This final test stage was designed to assess directly the balance between habitual and goal-directed control (see Fig. 1d). At the start of each of six blocks, all six food outcomes inside the boxes were shown on the screen, but a red cross was superimposed on two of these to indicate that these would now lead to subtraction of points. Subsequently, a series of closed boxes with the food stimuli on the front was shown in rapid succession. Participants were instructed to earn points by pressing the appropriate keys in order to open boxes that contained still-valuable outcomes (the four outcomes shown without a cross at the start of each block), but to refrain from responding if a box contained a now-devalued food item (the two outcomes shown with a cross superimposed at the start of each block). Each of the six stimuli was shown four times per block, and across blocks, each of the outcomes was devalued twice.

This test was used to directly assess relative habitual and goal-directed control. Strong response activation via direct S-R associations should lead to commission errors on trials with the devalued outcomes. Conversely, successful selective inhibition on the basis of outcome value should be indicative of dominant goal-directed control that is mediated by anticipation and evaluation of the consequent outcome.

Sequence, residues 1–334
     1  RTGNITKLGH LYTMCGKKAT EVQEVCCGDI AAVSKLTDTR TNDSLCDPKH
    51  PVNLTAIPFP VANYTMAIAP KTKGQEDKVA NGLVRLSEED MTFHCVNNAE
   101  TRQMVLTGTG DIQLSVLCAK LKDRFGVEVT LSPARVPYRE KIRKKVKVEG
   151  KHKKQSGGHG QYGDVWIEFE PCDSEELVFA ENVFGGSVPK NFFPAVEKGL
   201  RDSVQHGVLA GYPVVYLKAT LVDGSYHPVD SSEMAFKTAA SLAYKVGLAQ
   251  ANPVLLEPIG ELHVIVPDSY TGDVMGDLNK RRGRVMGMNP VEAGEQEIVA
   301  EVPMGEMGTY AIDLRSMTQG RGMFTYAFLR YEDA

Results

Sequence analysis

Digit span test

In the backward version of the digit span test (Wechsler 1981), random sequences of numbers were read out by the experimenter, and participants were asked to repeat these in reverse order. The list was initially very short (only two numbers) but increased in increments of one number at each stage. Two trials per stage were administered. Testing was stopped after participants failed both trials of a given stage or when the final stage (stage 7; 8 numbers long) was completed, whichever came first.

Statistical analysis

All data were analysed using SPSS version 15.0. We conducted analyses of variance (ANOVA), which always included the between-subjects factors gender and APTD (referring to the groups that received either the BAL or the TYR drink). Bonferroni corrections were adopted for pairwise comparisons. All p-values are based on Greenhouse–Geisser sphericitiy corrections, and all significant (p < .05) higher-order interactions with APTD and gender are reported.

We focused our analyses of APTD’s effects on action control on standard trials, which lack the stimulus–outcome confound that is inherent to congruent and incongruent trials. However, we also report additional analyses to assess relative performance on the standard, congruent and incongruent trials. On congruent trials, active outcome retrieval was rendered unnecessary, while on incongruent trials, it was actually disadvantageous. For the mean performance values of the latter two, we refer to the supplemental table (Online Resource 1). Furthermore, complementary RT analyses are also included in the supplemental material (Online Resource 2).

Results

Biochemical effects of APTD treatment